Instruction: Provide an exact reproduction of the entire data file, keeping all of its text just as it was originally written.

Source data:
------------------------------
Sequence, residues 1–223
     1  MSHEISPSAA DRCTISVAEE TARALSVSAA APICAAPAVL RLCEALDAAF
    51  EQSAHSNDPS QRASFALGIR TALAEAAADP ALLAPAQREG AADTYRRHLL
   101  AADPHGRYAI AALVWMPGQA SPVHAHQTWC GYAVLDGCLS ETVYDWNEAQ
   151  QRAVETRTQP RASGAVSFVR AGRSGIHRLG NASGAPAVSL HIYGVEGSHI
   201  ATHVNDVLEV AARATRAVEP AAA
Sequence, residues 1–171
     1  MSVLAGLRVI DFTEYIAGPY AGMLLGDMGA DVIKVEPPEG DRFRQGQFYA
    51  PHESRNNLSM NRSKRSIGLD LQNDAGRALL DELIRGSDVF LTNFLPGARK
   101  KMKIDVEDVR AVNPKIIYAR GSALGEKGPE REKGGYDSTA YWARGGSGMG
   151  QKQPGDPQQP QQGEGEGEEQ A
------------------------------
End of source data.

Sequence, residues 1–223
     1  MSHEISPSAA DRCTISVAEE TARALSVSAA APICAAPAVL RLCEALDAAF
    51  EQSAHSNDPS QRASFALGIR TALAEAAADP ALLAPAQREG AADTYRRHLL
   101  AADPHGRYAI AALVWMPGQA SPVHAHQTWC GYAVLDGCLS ETVYDWNEAQ
   151  QRAVETRTQP RASGAVSFVR AGRSGIHRLG NASGAPAVSL HIYGVEGSHI
   201  ATHVNDVLEV AARATRAVEP AAA
Sequence, residues 1–171
     1  MSVLAGLRVI DFTEYIAGPY AGMLLGDMGA DVIKVEPPEG DRFRQGQFYA
    51  PHESRNNLSM NRSKRSIGLD LQNDAGRALL DELIRGSDVF LTNFLPGARK
   101  KMKIDVEDVR AVNPKIIYAR GSALGEKGPE REKGGYDSTA YWARGGSGMG
   151  QKQPGDPQQP QQGEGEGEEQ A